El Ten Eleven: Hooked on repeat and loop pedals

by Rodney Lotter

The act of repetition is an intrinsic and integral part of music. A person only gets skilled at their instrument through the act of doing the same thing over and over again. Learning scales, chords, song structure, it all needs to be repeated again and again. Repetition within a song can be done in a variety of ways: a steady backbeat, lyrics, a sweet-ass guitar lick, a chord pattern, you name it, it’s been done. For Los Angeles-based duo El Ten Eleven, their preferred method is through the use of a large array of loop pedals and other digital effects.
The use of loops is mostly prevalent in hip hop and electronics music, but the modern pop use of loops dates back to the psychedelic musings of Frank Zappa, The Beatles and countless other bands.
But, El Ten Eleven is different. They aren’t a psychedelic band, they are two dudes that want to write some catchy tunes and play them in front of people. The band is typically lumped into the math rock, ambient and post-rock genres, but drummer Tim Fogarty said the band doesn’t enjoy being labeled.
“We don’t like being called [a math rock band] because, when I think of math rock, I think of music that is super complex just for the sake of being super complex,” Fogarty said. “We write pop songs. Our songs have hooks. We aren’t trying to complicate things when we make music and we don’t jump around with our ideas. I guess, I don’t know what we are, but I wouldn’t consider it math rock.”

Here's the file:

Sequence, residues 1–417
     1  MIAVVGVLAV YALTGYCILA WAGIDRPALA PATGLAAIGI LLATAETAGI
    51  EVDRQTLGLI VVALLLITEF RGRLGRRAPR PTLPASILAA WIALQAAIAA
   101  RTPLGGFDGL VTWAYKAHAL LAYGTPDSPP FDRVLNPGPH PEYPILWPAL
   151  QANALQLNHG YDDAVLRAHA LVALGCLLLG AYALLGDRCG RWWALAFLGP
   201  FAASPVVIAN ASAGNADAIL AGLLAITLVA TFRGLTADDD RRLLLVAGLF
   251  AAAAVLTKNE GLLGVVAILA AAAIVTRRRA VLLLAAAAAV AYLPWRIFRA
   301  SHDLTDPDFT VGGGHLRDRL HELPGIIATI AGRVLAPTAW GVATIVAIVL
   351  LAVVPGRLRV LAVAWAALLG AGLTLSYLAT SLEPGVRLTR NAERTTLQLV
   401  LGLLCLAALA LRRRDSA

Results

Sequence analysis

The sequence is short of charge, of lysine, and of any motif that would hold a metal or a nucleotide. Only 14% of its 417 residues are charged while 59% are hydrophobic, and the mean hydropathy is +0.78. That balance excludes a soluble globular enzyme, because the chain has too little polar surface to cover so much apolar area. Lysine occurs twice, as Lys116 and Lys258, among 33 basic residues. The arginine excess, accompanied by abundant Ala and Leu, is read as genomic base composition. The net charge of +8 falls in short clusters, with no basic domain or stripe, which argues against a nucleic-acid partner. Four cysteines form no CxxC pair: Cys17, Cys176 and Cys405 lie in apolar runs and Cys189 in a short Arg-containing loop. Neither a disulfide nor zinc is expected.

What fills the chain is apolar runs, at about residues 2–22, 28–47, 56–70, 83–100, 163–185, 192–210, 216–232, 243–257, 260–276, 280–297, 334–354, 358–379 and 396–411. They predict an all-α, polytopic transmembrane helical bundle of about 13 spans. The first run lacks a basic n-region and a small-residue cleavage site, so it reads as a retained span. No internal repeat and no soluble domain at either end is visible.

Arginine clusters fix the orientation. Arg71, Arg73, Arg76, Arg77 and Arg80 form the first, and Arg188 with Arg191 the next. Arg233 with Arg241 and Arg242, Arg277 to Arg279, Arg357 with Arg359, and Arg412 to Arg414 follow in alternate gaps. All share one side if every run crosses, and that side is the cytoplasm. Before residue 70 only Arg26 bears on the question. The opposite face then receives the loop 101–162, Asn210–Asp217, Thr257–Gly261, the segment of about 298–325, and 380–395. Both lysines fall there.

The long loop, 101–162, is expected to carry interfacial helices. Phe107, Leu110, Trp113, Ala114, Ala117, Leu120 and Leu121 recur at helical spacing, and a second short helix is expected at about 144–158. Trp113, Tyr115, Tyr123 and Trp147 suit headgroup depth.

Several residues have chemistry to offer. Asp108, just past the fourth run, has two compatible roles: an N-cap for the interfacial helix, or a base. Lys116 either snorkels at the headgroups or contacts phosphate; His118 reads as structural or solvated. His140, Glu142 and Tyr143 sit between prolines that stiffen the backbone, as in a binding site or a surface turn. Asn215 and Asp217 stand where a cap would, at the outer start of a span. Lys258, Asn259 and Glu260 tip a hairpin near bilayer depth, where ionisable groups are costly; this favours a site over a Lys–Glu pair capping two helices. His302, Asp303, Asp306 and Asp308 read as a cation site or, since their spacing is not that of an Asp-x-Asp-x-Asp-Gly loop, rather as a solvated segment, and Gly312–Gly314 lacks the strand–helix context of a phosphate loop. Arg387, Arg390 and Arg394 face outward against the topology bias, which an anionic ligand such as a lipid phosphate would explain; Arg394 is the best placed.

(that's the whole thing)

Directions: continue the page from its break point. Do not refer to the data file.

The band works entirely in the instrumental realm, and have been compared to bands like Tortoise, Sigur Ros and Godspeed You Black Emperor by music critics. Fogarty utilizes a drum kit that is equal parts acoustic and electronic, while Kristian Dunn plays a double-headed bass/guitar combo and the aforementioned assortment of looping and effects pedals. There is no vocalist for the band, although Fogarty admitted that they have toyed around with the idea in the past.
“We don’t have anything against vocals at all,” Fogarty said. “Our sound just kind of evolved on its own, and in many ways we use the loops in a way that vocals are typically used in songs. It’s something we’ve talked about doing, but we probably won’t do that, unless it is part of a side project or something like that.”
When listening to the band’s recorded material, one is struck by the fact that all of it is being done by only two people. Sure, there a million things two dudes can do with studio trickery, but Fogarty said the band does their best to play the songs live as close as possible to the studio recordings.
“There are some challenges to playing our songs live, as they are recorded,” Fogarty said. “In the studio, things happen much more quickly, in terms of the arrangements. And, when depending on looping pedals, it can be difficult to recreate things- like when all the parts come in at once, for example. You can’t really do that live, because it has to build up, one loop on top of the other. Another challenge is when a loop gets messed up, and then we have to work with it and change the song a tad to compensate. But, overall, we do the best we can.”
The band likes to make dedications with their albums and song titles, Fogarty said. “The dedications we make on songs like ‘Bye Annie,’ ‘Bye Joe,’ and ‘Bye Mom,” are our way to applying our own meaning to songs,” he added. “But, we like to let the audience interpret our songs for themselves and get their own meaning out of them. We try to evoke emotions, and let everyone come up with their own reactions to it.”